Remember the old days, the teacher spoke, the children listened, . . . I didn't say we learned.  Learning implies utilizing information in a variety of ways across domains of high level thinking.  I can't say we did that.  I did have to learn it.  I learned it the hard way by trial and error in the work place and in college.  However, I know I certainly need to be able to do it as an educator and a professional, and I am certain our students are going to need to be able to do it.  A Wiki seems like a great classroom application for compiling information on a topic of study that will foster higher level thinking and engagement.

Another area that Richard provides a plethora of information on is programs to help students with skills, content, and/or processes.   Today there are programs for reading, writing, math, and content areas.  I started this blog with . . . when I was in school, the teacher spoke, the children listened, and that was that.  Well, that was rather boring.  The programs available now allow the teacher to change up the game plan,  provide more individualized attention to some while others use the computers.  Please see links to a small sampling of these programs below.

Students expect a lot from teachers, parents expect a lot from teachers, administrators expect a lot from teachers, the state expects a lot from teachers.  I think teachers should make every effort to become as technologically savvy as possible, because in the end, it will make their teaching easier and their students soar.


Tuesday, August 9, 2011

Barriers to Technology Integration in Schools

I used to think of myself as fairly competent in the use of technology.  Then I started an Advanced Certificate Program at Dowling College in Computers in Education and realized how little I know.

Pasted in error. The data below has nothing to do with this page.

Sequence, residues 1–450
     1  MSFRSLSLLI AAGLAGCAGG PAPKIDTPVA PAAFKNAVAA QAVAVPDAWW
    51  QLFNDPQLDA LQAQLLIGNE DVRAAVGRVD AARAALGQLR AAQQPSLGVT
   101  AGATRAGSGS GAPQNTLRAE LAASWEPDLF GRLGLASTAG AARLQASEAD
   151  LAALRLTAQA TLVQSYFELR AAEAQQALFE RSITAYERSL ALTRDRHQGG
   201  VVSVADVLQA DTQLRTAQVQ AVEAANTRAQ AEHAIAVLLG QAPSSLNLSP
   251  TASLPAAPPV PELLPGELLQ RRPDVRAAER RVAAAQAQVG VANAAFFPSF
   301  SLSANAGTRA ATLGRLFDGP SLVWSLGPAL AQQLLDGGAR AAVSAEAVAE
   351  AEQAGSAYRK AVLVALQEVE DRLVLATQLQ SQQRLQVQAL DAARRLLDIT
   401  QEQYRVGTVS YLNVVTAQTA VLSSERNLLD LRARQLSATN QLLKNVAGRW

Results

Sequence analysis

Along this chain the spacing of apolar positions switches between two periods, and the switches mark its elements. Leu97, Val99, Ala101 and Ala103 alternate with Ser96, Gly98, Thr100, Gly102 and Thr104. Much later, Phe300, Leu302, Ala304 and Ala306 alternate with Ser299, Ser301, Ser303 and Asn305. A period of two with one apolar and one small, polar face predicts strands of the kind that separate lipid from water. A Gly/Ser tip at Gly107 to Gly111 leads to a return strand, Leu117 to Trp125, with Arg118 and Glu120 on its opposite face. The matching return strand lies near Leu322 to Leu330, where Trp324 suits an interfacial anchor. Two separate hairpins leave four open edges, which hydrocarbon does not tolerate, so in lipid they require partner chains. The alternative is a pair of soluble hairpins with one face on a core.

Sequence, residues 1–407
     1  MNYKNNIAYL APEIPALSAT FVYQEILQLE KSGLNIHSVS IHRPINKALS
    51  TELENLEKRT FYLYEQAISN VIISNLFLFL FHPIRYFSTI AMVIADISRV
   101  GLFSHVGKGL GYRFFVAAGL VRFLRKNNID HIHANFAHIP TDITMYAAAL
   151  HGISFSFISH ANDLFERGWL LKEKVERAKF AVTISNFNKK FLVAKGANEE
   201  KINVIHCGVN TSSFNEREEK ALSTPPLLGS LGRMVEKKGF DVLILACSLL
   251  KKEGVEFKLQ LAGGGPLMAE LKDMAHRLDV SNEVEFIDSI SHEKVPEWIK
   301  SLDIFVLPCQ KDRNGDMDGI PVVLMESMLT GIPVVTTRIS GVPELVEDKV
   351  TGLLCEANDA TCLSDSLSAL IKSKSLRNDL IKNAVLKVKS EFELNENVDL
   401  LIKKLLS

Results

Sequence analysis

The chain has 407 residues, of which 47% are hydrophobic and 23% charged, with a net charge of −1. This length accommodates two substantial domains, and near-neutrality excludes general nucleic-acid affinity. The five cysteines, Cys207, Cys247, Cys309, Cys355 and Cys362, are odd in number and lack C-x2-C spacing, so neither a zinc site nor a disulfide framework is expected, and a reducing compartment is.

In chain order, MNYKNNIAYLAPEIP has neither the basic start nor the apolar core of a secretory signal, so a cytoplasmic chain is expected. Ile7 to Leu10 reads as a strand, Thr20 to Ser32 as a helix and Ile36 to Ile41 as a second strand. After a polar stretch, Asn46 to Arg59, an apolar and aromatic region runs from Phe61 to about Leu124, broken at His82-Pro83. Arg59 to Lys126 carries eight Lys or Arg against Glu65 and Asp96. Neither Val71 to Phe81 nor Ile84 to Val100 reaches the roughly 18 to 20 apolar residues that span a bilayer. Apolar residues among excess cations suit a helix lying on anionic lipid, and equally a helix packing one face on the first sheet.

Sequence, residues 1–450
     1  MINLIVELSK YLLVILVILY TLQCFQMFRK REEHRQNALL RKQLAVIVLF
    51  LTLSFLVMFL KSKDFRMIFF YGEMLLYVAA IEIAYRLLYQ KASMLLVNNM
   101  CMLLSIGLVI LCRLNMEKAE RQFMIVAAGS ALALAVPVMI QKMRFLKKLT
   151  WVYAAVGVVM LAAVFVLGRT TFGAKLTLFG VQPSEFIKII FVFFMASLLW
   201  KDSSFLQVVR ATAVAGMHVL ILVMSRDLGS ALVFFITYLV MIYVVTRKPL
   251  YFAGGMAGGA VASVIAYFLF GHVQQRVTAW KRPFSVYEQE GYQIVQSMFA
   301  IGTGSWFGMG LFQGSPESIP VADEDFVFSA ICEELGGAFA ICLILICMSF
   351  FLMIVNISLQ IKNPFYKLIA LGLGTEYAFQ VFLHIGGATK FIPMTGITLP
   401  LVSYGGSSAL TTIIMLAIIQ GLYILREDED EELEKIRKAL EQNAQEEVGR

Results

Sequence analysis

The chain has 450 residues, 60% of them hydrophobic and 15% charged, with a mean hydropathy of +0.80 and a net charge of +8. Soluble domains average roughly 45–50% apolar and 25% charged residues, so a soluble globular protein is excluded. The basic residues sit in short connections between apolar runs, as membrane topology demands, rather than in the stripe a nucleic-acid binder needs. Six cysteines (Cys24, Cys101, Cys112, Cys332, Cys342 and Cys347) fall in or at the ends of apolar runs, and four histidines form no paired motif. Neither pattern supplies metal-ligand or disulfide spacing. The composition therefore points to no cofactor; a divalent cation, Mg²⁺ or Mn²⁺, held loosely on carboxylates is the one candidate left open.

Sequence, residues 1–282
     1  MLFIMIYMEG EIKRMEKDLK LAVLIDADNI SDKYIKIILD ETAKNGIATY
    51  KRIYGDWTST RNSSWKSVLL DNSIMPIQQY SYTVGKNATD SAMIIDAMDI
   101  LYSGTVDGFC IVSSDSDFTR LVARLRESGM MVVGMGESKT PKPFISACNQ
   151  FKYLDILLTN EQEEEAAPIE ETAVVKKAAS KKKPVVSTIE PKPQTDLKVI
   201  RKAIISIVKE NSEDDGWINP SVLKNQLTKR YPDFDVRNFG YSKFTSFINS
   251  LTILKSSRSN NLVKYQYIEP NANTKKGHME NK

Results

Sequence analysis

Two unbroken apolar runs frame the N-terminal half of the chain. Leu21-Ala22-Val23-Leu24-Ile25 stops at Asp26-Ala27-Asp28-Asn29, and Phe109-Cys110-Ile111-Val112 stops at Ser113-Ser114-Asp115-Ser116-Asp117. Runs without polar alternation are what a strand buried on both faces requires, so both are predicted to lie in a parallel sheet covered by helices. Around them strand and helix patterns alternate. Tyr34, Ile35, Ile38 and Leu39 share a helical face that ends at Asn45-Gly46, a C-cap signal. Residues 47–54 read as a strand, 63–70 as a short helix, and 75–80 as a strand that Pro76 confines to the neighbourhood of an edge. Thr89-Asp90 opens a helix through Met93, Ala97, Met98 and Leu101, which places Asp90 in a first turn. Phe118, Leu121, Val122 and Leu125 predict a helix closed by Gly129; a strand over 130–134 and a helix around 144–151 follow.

Technology integration has begun to blossom over the last several years in the district I currently work in.  SmartBoards have been installed throughout the district, and I know of some teachers who are very adept with it.  I also know of some teachers beginning to use blogs and streaming videos.

However, I have heard some comments made to the effect:  "I can't put all the time and effort into creating SmartBoard lessons for everything when I can't be sure it is going to work consistently."  So, I believe some teachers will make a lesson here and there, and then use the SmartBoard basically as an expensive chalkboard.

Hence, one barrier is definitely teacher perception of dependability.

The other part of the comment made to me, however, dealt with time.  Recrafting lessons into digital formats initially takes a great deal of time from already pressed teachers.  If teachers could have time to start recrafting lessons, I believe it would motivate them to utilize the technology.

The last barrier is based on my personal experience.  While I am thoroughly enjoying learning about all of the exciting avenues technology opens up for educators, the trial and error factor can be frustrating.

The third barrier, is a lack of constant and relevant Professional Development so that teachers are not having to try to figure out things as they go.

I am sure that there are other barriers that are more logistical in nature for a district to consider.  The three I mentioned were perhaps the ones that would give teachers the most trepidation in venturing into technology.